Again, it is God at work, taking the initiative, setting the stage for our responses, drawing us to Himself, preparing the way, opening to us the spiritual Promised Land. If we carry that understanding of how God is and how God acts over to our Gospel parable, we will want to change its name from the “Parable of the Prodigal Son” to the “Parable of the Loving Father.” That very refocusing of our approach to the parable quickly removes one of its more perplexing aspects: what about the older son, the one who stays home serving his father and becomes intensely jealous and even angry when the return of the reprobate son gets such an over-the-top response from his father on a level he has never once experienced for himself?
What is it that we are to learn about God from this parable? He is loving, patient, longsuffering, forgiving, of great lovingkindness, slow to anger: wait! This is last week’s homily over again! Exodus 34:6 “The LORD, the LORD God, (is) compassionate and gracious, slow to anger, and abounding in lovingkindness and truth; Who keeps lovingkindness for thousands, Who forgives iniquity, transgression and sin.” That’s the sort of Person God revealed Himself to be to Moses on Mt. Sinai. That’s the way God related to His people in faithfulness to His covenant with them. That’s the way the father in our parable related to both of his sons. Yes, the prodigal son confessed his sin and declared his unworthiness. But it was “While (the Prodigal Son) was still a long way off, (that) his father saw him and felt compassion for him, and ran and embraced him and kissed him… and said to his slaves, ‘Quickly bring out the best robe and put it on him, and put a ring on his hand and sandals on his feet; 23 and bring the fattened calf, kill it, and let us eat and celebrate; 24 for this son of mine was dead and has come to life again; he was lost and has been found’” (Luke 15:20-24). This definitely is God talking!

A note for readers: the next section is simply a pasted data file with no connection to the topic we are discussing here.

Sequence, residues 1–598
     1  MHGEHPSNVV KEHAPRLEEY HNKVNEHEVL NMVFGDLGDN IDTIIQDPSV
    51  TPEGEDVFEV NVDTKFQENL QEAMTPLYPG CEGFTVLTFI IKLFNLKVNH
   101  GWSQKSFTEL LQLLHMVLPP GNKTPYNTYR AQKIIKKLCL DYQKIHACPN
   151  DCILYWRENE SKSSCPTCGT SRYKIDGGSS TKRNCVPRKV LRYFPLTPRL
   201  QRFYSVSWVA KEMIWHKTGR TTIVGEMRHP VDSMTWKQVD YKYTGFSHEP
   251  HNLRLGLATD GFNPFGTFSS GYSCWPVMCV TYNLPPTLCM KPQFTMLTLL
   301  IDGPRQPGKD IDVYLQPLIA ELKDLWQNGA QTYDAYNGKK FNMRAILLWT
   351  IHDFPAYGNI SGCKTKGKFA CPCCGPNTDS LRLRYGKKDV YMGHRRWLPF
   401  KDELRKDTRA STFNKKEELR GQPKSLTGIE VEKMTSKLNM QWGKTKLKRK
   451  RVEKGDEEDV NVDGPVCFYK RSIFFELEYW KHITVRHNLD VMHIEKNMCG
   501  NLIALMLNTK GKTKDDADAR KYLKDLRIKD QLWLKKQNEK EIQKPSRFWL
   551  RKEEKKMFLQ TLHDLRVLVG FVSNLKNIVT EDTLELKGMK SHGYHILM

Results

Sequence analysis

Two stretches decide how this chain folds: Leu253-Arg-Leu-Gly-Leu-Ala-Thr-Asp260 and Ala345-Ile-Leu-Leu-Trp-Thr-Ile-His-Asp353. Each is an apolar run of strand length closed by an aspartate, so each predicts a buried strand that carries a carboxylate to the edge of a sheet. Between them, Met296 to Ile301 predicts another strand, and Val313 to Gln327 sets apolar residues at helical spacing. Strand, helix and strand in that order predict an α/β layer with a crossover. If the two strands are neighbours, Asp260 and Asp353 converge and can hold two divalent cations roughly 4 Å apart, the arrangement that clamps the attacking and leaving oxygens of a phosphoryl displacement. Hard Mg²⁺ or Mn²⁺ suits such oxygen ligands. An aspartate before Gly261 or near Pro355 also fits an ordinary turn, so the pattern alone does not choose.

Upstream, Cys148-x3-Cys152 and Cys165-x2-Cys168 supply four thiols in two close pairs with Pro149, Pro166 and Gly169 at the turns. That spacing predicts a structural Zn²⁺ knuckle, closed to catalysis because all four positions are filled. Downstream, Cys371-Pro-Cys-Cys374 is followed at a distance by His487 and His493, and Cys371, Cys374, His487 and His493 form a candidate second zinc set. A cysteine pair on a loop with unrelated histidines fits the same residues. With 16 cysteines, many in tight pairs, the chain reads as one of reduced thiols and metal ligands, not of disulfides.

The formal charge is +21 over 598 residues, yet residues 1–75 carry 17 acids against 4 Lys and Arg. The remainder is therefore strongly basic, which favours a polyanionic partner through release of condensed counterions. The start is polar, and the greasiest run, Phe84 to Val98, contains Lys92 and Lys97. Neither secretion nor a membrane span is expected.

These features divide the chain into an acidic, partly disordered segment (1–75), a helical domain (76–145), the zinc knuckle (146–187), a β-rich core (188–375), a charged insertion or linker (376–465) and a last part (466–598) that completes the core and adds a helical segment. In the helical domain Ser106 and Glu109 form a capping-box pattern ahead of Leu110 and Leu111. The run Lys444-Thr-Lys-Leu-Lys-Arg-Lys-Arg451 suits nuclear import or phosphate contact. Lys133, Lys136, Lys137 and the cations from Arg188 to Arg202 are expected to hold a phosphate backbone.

And when the faithful older son “became angry and was not willing to go in… his father came out and began pleading with him. 31 And he said to him, ‘Son, you have always been with me, and all that is mine is yours. 32 But we had to celebrate and rejoice, for this brother of yours was dead and has begun to live, and was lost and has been found.’” Here is chesed at work: the lovingkindness of God. The father pleads with his older son to see things from a divine perspective rather than a purely human one; he does not chastise his son for being unlike himself; he affirms that his son is heir to all that he has; and he changes the perspective back to celebrating the return of the prodigal, without making the slightest attempt to excuse his waywardness.